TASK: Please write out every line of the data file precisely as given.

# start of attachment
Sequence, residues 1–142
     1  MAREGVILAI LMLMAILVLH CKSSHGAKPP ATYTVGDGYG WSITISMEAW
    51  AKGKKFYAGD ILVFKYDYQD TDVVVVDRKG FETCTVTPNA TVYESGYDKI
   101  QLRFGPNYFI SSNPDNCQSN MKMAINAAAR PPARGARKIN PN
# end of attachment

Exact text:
Sequence, residues 1–142
     1  MAREGVILAI LMLMAILVLH CKSSHGAKPP ATYTVGDGYG WSITISMEAW
    51  AKGKKFYAGD ILVFKYDYQD TDVVVVDRKG FETCTVTPNA TVYESGYDKI
   101  QLRFGPNYFI SSNPDNCQSN MKMAINAAAR PPARGARKIN PN